In addition to information, consider giving something that is memorable and unique to your brand. Add extra fun to your welcome kit by including some company swag, a t-shirt, mug, or perhaps any other promotional item so your new hire can show off their sweet new gig.
To make your employee feel even more welcome, have the entire team sign a welcome card and leave it waiting on their desk for the first day. Small but kind gestures like these will be sure to make any new hire feel at home.
DURING WEEK 1
The first week at a new job is typically a difficult transition period for most new hires. It’s easy to forget how much the new hire must take in. They enter an unfamiliar work environment with new protocols to learn, schedules to adjust to, and names to remember. Here are some ways to ease the transition of the first week:
Tours & Introductions
When entering a new company, a new hire must become accustomed to the work environment and the individuals they will be working alongside. There is nothing better than walking in on your first day and receiving a warm welcome from your new co-workers. This friendly welcome humanizes your company and shows new hires your staff are approachable. It is also crucial to set time during the first week to show your new team member around their workspace and other important areas they will access frequently.
There is no greater way to hear about a new job or company than from those who live the experience daily. A great way to ensure your new hires are comfortable is to pair them with a veteran team member who can show them the ropes. Pair them with a peer, rather than a manager as they’ll feel more comfortable bringing up questions they may hesitate asking management. Hearing directly from a peer about the company, job duties, and processes will ensure your employee feels warmly welcome while also understanding how the business operates.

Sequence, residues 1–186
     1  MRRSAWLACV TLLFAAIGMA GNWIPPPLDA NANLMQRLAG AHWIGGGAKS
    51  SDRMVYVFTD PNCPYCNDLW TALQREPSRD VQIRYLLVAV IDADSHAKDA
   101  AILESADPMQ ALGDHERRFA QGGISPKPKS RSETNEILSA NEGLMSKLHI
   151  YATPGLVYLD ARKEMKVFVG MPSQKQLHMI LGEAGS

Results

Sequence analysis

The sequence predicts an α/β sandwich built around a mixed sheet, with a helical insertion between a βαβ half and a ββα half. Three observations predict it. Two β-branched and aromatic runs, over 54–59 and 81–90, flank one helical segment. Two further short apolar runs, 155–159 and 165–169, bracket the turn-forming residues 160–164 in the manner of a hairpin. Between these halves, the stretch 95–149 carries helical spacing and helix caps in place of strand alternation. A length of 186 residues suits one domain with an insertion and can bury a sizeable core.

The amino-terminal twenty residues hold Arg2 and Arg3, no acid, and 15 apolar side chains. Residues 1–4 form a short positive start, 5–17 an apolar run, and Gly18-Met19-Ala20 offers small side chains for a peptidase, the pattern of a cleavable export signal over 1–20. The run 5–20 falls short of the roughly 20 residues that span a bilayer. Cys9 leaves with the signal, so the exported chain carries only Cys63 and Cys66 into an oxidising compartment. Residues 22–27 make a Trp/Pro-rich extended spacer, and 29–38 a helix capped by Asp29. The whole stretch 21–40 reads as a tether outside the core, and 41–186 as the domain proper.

Memorable First Day
You do not get a second chance to make a first impression, so be sure your new hire’s first day is a positive experience. You can make their first day memorable by scheduling a welcome lunch with co-workers and sending a company-wide email introducing your new hire.
These are just a few suggestions, anything you can do to make your new team member’s early experiences with the company great ones will make all the difference. Your new hire will take notice of the effort and appreciate it. Take this time to really evaluate your company culture and implement practices that may be more relevant to your specific organization.
BEYOND WEEK 1
Once the “first week new hire dust” has settled a bit management may assume that employee is now fully onboarded when in reality this is far from the truth. Now that the initial welcome and transition has begun, it is important to continue to follow up throughout the process.
Don’t Stop Checking in.
It’s the end of week one and you have successfully supplied your new hire with all the materials they need to perform and walked them through their first week. Don’t make the mistake of thinking your work is done just yet! To make a lasting impact, regularly check in on them during their first year of employment. This shows your employee that you care beyond solely welcoming them to the team and want to be sure they are having the best employment experience possible.
Remember that working business relationships are a two-way street. The process of hiring, onboarding, and welcoming new members to the team is an essential beginning to creating those relationships. In order to increase employee satisfaction and retention, you must be willing to give as much as you hope to receive. Big Fish offers an iSolved module, which helps to streamline and simplify the process of onboarding new staff. All information is stored in a single system and accessible from anywhere, eliminating the stress leading up to a new hire’s first week.